A Melbourne man thought it would be "the end of me" when beaten by police while face down on the floor with his hands tied behind him, he has told a judge.
Eathan Cruse was arrested by counter-terrorism police in an April 2014 raid after being identified as a person of interest in a conspiracy to behead an officer on Anzac Day that year.
The 23-year-old was released hours later and never charged over what he labelled "bullshit" claims and is now suing Victoria Police for unspecified damages over the physical and mental injuries he suffered.
During a civil trial in the Supreme Court on Monday, Cruse said he was restrained with a cable tie moments after officers stormed his parents' home at Eumemmerring in Melbourne's southeast.
He told Judge Melinda Richards he went straight to the floor when asked and gave his name to an officer, who announced "this is the one" before striking him four or five times.
An officer has admitted delivering "hammer strikes" to Cruse's head and shoulder with the underside of his fist, but denies the then 19-year-old was restrained.
Cruse, softly spoken and at times wiping away tears, told the court the officer picked him up and took him to the kitchen where he was slammed into the fridge and thrown to the floor.
"That's when the beating started," he said.
"It just felt like they were out to get me."
He recounted 10 or 15 blows that felt like they were coming from multiple officers and looking down to see blood pooling on the floor.
Cruse said blood appeared to have been cleaned up before police took pictures which were shown to him by his lawyer Andrew Clements QC.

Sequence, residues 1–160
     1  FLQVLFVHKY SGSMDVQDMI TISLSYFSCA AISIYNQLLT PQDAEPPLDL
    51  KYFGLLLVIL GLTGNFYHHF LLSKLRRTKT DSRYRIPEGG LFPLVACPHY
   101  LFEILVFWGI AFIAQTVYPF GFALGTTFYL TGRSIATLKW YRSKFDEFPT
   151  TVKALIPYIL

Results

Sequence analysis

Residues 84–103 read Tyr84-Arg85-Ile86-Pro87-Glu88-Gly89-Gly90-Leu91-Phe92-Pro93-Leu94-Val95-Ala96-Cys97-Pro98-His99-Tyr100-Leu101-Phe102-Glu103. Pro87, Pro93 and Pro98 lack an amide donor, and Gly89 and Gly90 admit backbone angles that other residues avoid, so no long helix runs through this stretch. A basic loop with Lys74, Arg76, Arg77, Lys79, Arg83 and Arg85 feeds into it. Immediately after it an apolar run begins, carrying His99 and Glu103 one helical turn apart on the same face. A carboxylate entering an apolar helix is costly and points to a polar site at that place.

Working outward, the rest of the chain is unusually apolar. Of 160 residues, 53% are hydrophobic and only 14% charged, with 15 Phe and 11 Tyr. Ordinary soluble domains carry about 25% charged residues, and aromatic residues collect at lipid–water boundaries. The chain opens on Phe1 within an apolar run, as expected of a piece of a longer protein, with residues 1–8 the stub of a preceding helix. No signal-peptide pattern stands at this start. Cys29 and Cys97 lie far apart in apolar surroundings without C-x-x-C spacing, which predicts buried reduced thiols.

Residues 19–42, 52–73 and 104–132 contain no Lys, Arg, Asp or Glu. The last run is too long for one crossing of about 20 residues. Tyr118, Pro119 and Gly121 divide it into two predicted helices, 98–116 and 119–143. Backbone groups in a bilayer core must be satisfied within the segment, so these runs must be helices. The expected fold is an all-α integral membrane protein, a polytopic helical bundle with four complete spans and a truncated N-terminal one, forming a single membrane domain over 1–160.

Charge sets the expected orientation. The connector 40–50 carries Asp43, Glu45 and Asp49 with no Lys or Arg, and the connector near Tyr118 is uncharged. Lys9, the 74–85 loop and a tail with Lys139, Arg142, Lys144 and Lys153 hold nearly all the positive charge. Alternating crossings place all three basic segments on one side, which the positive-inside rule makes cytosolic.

Cruse described being taunted by officers who beat him, claiming they told him "you want to hunt innocent people".
Another warned "there's more to come" or "there's more where that came from", he said.
After being taken to a police station for interview, Cruse was transferred to hospital by ambulance to be treated for injuries, including a concussion.
He was released after the interview, but not before complaining to officers about the assault.
He also later complained to the police professional standards division, Victorian Aboriginal Legal Service and his psychiatrist.
Cruse's legal team must prove he was restrained when the beating occurred to be successful on the battery claim, and if unsuccessful will argue the force officers used was unreasonable.
Barrister Ron Gipps, representing the State of Victoria, said officers disputed the timing of when Cruse claimed he was restrained, and that the level of force was necessary.
The judge-alone trial continues.
Australian Associated Press